Consideration was given to a report presented by Rob Mahon, Head of Service, on the closure of the accounts 2022/23.
The Council had successfully met the 2018/19 timeframes in closing its accounts after the decision to bring forward the timetable for the publication of local authorities’ financial statements. However, due to the unprecedented circumstances, the closure of accounts deadlines had been extended for 2019/20, 2020/21 and 2021/22.
The Accounts and Audit (Amendment Regulations 2022) came into force on 22nd July, 2022 and extended the deadline for the publication of final audited accounts to 30th November for 2021/22 accounts and then 30th September for 2022/23 accounts and the following 5 years. Therefore, the deadline for publishing unaudited accounts had reverted back to the 31st May for the 2022/23 accounts.
The Local Audit and Accountability Act 2014, confers on local electors the right to inspect the accounting records, books, deeds, vouchers, contracts, bills and other documentation relating to the financial year in question. It also gave them the right to question the auditor about the accounting records or make a formal objection on a matter of public interest or because they thought an item of account may be unlawful. Under the Accounts and Audit Regulations 2015, local electors could only exercise their rights of inspection and to question the auditor or make formal objections for a single period of 30 working days commencing the day after the unaudited accounts had been published. In order for the inspection period to commence, the Annual Governance Statement and Narrative Report (introduced by the Accounts and Audit Regulations 2015) would need to be published alongside the Council’s unaudited financial statements on the Council’s website. The timetable for preparing the Annual Governance Statement and Narrative Report was, therefore, being co-ordinated with the publication of the draft unaudited Statement of Accounts to meet this requirement.
A decision had been made to further delay the implementation of IFRS16 within Local Authorities until 2024/25. This disclosure would see the removal of operational leases, with lessees expected to recognise all leases on their balance sheet as a right of use asset and a liability to make the lease payments. Although implementation of the standard has been delayed until 2024/25, there would be the need for an assessment of the impact of the new standard as part of the 2023/24 accounting process.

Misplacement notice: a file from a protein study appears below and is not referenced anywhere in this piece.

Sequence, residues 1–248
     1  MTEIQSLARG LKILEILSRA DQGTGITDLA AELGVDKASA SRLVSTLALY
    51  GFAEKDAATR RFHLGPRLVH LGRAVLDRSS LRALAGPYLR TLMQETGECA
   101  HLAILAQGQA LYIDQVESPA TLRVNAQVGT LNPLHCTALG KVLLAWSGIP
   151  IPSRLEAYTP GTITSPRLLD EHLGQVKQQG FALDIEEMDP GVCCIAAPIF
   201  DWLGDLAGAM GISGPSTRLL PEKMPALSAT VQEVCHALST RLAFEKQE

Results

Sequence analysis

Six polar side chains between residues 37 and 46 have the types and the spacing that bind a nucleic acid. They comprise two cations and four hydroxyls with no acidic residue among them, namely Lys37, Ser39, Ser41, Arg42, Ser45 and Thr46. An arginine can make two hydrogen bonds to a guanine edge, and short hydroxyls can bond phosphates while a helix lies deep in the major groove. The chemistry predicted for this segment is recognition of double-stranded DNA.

Major changes to service delivery that had taken place in 2022/23 would also have a bearing on the financial statements including the continuing effect of schools converting to academies.
The Council’s Statement of Accounting Policies (Appendix B) was reviewed and updated where necessary.
There was a national issue with Local Authority treatment for infrastructure assets. This related to the way components of infrastructure expenditure were derecognised when new expenditure was incurred. A statutory override had come into effect in December, 2022, allowing local authorities to assume that the carrying amount to derecognise was zero enabling external auditors to give an unqualified audit opinion on the Council’s accounts. This override was in force until 31st March, 2025 and the Council would utilise this override again for the 2022/23 accounts. The Council was working to assess the processes that needed to be put in place to ensure the treatment of infrastructure assets was compliant when the statutory override expired.
Gareth Mills, Grant Thornton, informed the Committee that a guarantee could not be provided that the external audit work would start by the end of September as a result of the issues previously raised in the external audit market in the public sector. A significant number of 2021-22 local government audits were still ongoing. This had been impacted by the decision to continue the Clinical Commissioning Groups until 30th June, 2023, resulting in approximately 100 part-year accounts for the NHS and 42 part-year accounts for Integrated Care Boards needing to be undertaken by the same auditors who carried out local government audits.
He would be confident of concluding Rotherham’s external audit work by the end of November as had happened in the previous 3 years. There were discussions ongoing nationally around how achievable the 30th September date was for 2023 and could possibly be some movement on the date.
There should be no significant impact on the Council by this delay. If the September deadline remained, the Account and Audit Regulations required the Council to post on its website proof of the accounts with a statement to the effect that the audit was ongoing and expected to conclude by the end of November due to resource expectations of the external auditor.
(2) That the Council’s revised Account Policies, attached at Appendix B submitted, be noted.
(3) That Grant Thornton submit a progress report to the next meeting of this Committee setting out the planned timetable from June to November, 2023.